Some content in this podcast may be considered sensitive and may evoke emotional responses or may not be appropriate for younger audiences.
This first episode in the 2022 Assault Awareness Month mini-season of the National Instituter of Justice’s (NIJ’s) Just Science podcast series is an interview with Mary West, the Assistant Prosecuting Attorney, Supervisor of the Cold Case Unit, and Project Manager of the Sexual Assault Kit Task Force at the Cuyahoga County Prosecutor’s Office, who discusses the sexual assault response with victims in “vulnerable” populations.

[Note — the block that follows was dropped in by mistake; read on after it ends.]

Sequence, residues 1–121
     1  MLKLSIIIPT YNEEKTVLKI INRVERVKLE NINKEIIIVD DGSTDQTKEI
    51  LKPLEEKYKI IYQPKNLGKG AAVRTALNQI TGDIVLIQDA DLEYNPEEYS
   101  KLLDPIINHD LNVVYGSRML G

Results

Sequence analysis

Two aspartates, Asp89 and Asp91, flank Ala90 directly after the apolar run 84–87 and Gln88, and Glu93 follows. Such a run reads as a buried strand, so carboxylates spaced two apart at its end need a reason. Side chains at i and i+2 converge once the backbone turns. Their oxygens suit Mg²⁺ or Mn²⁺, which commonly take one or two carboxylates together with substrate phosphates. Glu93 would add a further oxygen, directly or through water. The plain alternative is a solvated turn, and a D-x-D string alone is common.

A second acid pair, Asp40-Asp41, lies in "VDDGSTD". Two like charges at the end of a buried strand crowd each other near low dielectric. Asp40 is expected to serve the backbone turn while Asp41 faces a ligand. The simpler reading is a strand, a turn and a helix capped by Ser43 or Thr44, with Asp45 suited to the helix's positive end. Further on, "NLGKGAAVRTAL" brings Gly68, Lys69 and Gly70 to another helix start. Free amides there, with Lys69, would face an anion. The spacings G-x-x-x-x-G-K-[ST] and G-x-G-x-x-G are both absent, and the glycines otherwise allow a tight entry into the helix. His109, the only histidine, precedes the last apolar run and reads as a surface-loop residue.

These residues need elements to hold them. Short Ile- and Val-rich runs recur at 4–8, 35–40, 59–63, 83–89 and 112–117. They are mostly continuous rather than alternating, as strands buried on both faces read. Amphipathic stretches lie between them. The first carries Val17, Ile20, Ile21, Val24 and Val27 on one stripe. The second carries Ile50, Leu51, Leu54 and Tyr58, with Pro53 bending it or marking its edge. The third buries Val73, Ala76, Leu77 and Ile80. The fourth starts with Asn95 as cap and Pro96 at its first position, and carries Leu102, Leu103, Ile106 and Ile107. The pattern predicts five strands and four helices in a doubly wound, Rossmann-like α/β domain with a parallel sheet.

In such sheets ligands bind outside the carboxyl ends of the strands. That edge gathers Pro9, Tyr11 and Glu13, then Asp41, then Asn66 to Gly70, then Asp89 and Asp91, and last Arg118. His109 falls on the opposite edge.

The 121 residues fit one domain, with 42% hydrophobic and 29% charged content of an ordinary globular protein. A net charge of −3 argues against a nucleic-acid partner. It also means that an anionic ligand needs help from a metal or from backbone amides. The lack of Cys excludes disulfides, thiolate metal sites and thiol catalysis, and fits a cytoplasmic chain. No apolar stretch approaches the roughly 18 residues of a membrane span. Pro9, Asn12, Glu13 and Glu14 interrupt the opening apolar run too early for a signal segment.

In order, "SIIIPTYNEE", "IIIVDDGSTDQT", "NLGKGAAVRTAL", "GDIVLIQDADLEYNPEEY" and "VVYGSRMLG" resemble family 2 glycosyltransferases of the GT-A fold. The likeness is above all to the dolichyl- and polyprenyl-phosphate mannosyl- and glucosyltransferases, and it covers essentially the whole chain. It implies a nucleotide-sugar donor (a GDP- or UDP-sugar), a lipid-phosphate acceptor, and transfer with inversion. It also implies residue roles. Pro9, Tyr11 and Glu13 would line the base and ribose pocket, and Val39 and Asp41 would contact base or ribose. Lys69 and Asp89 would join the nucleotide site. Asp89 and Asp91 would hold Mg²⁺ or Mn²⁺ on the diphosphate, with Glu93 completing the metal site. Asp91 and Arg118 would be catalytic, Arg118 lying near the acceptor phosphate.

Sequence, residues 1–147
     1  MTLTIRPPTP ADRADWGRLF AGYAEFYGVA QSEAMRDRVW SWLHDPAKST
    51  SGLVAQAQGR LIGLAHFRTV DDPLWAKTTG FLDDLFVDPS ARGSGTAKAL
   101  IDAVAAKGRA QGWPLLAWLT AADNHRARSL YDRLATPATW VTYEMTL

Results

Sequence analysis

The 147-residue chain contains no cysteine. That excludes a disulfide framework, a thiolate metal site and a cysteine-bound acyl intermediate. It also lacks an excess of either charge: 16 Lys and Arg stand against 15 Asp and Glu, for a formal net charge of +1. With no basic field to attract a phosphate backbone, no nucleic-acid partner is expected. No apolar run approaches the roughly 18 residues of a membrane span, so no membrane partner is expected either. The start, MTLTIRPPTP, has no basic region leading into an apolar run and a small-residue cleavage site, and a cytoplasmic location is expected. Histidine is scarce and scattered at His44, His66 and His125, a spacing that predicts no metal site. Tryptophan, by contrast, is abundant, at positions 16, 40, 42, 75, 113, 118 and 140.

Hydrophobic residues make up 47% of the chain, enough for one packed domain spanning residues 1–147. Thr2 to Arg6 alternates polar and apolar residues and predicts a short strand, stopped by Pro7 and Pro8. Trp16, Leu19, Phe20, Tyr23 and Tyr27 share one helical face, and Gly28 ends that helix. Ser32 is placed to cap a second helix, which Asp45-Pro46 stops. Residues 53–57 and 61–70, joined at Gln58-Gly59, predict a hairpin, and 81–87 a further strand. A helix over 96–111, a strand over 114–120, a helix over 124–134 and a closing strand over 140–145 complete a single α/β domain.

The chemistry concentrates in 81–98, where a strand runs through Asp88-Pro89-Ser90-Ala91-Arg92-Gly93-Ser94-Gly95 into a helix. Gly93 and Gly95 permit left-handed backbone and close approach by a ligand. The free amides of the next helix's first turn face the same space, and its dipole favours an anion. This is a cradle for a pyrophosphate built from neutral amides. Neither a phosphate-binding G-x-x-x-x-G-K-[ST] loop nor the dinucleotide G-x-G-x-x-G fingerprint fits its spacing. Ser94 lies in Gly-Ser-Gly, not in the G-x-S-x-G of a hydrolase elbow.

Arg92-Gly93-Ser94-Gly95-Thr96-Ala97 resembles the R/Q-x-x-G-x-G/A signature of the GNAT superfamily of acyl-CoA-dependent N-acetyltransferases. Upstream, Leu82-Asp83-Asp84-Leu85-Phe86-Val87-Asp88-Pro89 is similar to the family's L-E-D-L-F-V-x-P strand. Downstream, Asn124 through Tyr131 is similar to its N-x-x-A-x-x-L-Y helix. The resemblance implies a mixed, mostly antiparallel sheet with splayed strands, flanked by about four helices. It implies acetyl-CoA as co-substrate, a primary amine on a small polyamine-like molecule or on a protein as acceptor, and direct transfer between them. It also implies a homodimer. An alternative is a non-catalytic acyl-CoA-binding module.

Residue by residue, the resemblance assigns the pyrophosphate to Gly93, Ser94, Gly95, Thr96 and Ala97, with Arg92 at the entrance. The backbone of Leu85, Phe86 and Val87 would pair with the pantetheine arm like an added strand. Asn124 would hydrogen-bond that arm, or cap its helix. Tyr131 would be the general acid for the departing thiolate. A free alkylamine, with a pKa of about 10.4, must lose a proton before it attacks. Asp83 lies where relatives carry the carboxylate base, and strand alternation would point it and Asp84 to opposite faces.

Introductory information notes that distinctive challenges may arise when prosecuting sexual assault cases that involve vulnerable populations, including cases with male victims. The interview addresses the effective prosecution of cases with male victims; reasons why members of vulnerable populations may be targeted for sexual assault; and considerations for the safety, healing, and well-being of survivors. Weston defines “vulnerable populations” victimized by sexual assault as those “who are more likely to be targeted or victims of sexual assault crimes that are less likely to be prioritized in terms of investigations or prosecutions.” She views sexual predators as being more likely to select as victims those who are less likely to report the sexual assault or to be believed if they report it. Among those typically viewed as less likely to report being sexually victimized are sex workers, drug users, mentally ill persons, and persons who are LGBTQ+. Weston advises that in such cases, the “trier of fact” (jury or judge) should be informed about the higher risk that such persons will be sexually victimized because sex offenders select targets whose claim of sexual victimization is less likely to be believed or taken seriously. Weston suggests ways in which prosecutors can make this point. She addresses the cases of male victims of sexual assault as being difficult for prosecutors because jurors may believe they could have avoided victimization.